O-wow: Nederland narrowly misses upset of Ozen

Published 11:19 pm Tuesday, January 5, 2016

BEAUMONT — Nederland was just one basket and 47.9 seconds away from sending shockwaves through Southeast Texas when the seasoned experience of Beaumont Ozen took over.

Ozen coach Marquis Saveat just wishes it didn’t have to come down to the clutch.

Neither does Nederland’s Brian English.

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“It’s just tough,” he said. “Sometimes, you’d rather lose by 15 or 20. They [Ozen] were the better team, but they made plays in the end. That’s a credit to them.”

The 5A eighth-ranked Panthers nailed 6 of 6 free throws in the final 47.9 seconds after clinging to a one-point lead and avoided maybe the biggest upset in Southeast Texas this season by beating the Bulldogs 60-55. The victory is the 10th in a row for last season’s 5A state runners-up.

“We were kind of off tonight, and you have to give [Nederland] credit,” Saveat said. “They came out did what they set out to do. We have some things we need to clean up.”

Nederland (16-7, 1-1), which had won 9 of its previous 11, dug out of a second-quarter 12-point hole to led by as much as 47-41 with 4:12 remaining after a Reid Garrett three-pointer. The Bulldogs turned the game around in the third with an 11-2 run, holding Ozen to one field goal over a 7-minute span.

“We didn’t change [schematically],” English said. “Darrell [Jones] got going in the third. We made some shots. [Jase] Miguez got going a little bit, and we played better defense.”

Miguez had a game-high 19 points and Jones scored 15 for the Bulldogs. Josh Boyd led the Panthers (15-2, 2-0) with 17.

The Bulldogs had their stretches when the ball literally did not bounce their way. Unfortunately for them, it happened in crucial stages of the game.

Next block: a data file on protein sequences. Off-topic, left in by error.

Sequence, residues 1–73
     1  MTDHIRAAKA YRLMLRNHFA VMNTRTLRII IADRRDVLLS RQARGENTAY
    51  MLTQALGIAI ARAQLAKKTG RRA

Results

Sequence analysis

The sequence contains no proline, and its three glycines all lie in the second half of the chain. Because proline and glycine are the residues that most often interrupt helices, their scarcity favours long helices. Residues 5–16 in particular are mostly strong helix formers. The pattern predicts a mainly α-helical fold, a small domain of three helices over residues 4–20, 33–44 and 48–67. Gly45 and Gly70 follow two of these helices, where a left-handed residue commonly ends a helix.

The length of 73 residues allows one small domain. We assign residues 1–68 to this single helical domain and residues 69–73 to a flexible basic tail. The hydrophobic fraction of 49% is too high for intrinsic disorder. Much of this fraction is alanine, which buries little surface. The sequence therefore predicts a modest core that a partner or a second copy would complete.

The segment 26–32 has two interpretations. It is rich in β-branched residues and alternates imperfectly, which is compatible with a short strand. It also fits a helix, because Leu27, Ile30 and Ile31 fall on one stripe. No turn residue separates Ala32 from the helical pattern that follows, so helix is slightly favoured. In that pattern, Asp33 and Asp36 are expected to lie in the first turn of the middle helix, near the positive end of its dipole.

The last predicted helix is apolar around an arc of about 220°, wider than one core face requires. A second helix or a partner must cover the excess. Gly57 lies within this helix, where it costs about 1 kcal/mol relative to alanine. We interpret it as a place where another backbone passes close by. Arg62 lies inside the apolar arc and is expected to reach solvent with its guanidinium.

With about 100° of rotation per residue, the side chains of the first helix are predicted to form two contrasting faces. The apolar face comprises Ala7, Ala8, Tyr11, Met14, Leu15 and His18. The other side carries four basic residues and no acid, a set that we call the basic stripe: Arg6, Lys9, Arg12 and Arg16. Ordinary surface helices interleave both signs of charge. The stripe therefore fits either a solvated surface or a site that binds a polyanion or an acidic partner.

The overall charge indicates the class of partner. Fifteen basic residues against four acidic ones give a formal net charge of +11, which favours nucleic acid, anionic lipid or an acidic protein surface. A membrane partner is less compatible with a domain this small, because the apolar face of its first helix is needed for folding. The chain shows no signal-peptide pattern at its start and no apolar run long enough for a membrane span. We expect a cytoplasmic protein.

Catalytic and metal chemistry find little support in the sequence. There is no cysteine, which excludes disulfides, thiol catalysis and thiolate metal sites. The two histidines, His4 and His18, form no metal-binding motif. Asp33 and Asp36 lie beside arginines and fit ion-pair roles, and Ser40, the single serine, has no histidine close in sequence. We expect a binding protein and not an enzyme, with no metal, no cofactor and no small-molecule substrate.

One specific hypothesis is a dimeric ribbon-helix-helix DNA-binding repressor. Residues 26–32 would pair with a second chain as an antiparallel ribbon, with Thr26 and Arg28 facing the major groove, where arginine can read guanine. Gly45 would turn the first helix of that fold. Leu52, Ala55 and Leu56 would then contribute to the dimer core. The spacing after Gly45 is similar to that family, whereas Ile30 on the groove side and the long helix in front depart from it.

Ozen started the game outrebounding Nederland and successfully attacking the rim to build its biggest lead at 23-11 with 6:26 left in the second quarter.

“Sometimes, they try to feel out their opponent a little bit, and we can’t do that,” English said. “We have to come out ready to play.”

But Nederland clawed back with a 7-0 run that 6-foot-7 Parish Pierre snapped with a dunk. Pierre was slapped with a technical — the Panthers’ second of the game — for taunting, and Nederland rattled off six straight points afterward.

It was 27-26 in Ozen’s favor before defensive miscues allowed the Panthers to score back-to-back buckets in the final 14 seconds of the half.

Miguez scored seven points during the Bulldogs’ big third quarter, resulting in their 40-37 lead. Ozen guard John Comeaux, playing his third game with a shoulder brace, had a bigger fourth period with 11 of his 13 points, able to draw fouls in the paint and nailing 5 of 6 free throws.

Comeaux made two key tips down the stretch, one to tie the game at 49 and another to make it a 52-49 Ozen lead with 1:15 to go. But his steal in the backcourt and successive free throws with 31.4 seconds left all but sealed the deal, as Ozen led 58-53.

Jones quickly drove down the court for a Nederland layup, but Jalen Sneed hit two more free throws to fashion the final score.

“Our kids did do enough in the end to win, so it’s always better to go back, fix and clean up things you need to clean up when you won a game instead of let one slip away, and you have to tip your hat off to [Nederland],” Saveat said. “They came out and worked hard tonight and did everything they could to win the game.”

English said the unranked Bulldogs now believe they can play with any ranked team. They won’t have to wait long for a second chance at an upset, as No. 7 Beaumont Central visits the Dog Dome on Friday.

“We had our chances,” English said. “I knew we could compete. We didn’t start out well. We didn’t finish well. In between, we played pretty good. We had our chances and didn’t get it done.”

About I.C. Murrell

I.C. Murrell was promoted to editor of The News, effective Oct. 14, 2019. He previously served as sports editor since August 2015 and has won or shared eight first-place awards from state newspaper associations and corporations. He was born in Memphis, Tennessee, grew up mostly in Pine Bluff, Arkansas, and graduated from the University of Arkansas at Monticello.

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